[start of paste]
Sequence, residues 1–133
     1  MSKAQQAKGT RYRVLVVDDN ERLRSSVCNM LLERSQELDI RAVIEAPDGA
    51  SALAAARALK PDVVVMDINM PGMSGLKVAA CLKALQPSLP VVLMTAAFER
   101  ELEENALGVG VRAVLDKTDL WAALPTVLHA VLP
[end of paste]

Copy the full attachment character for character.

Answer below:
Sequence, residues 1–133
     1  MSKAQQAKGT RYRVLVVDDN ERLRSSVCNM LLERSQELDI RAVIEAPDGA
    51  SALAAARALK PDVVVMDINM PGMSGLKVAA CLKALQPSLP VVLMTAAFER
   101  ELEENALGVG VRAVLDKTDL WAALPTVLHA VLP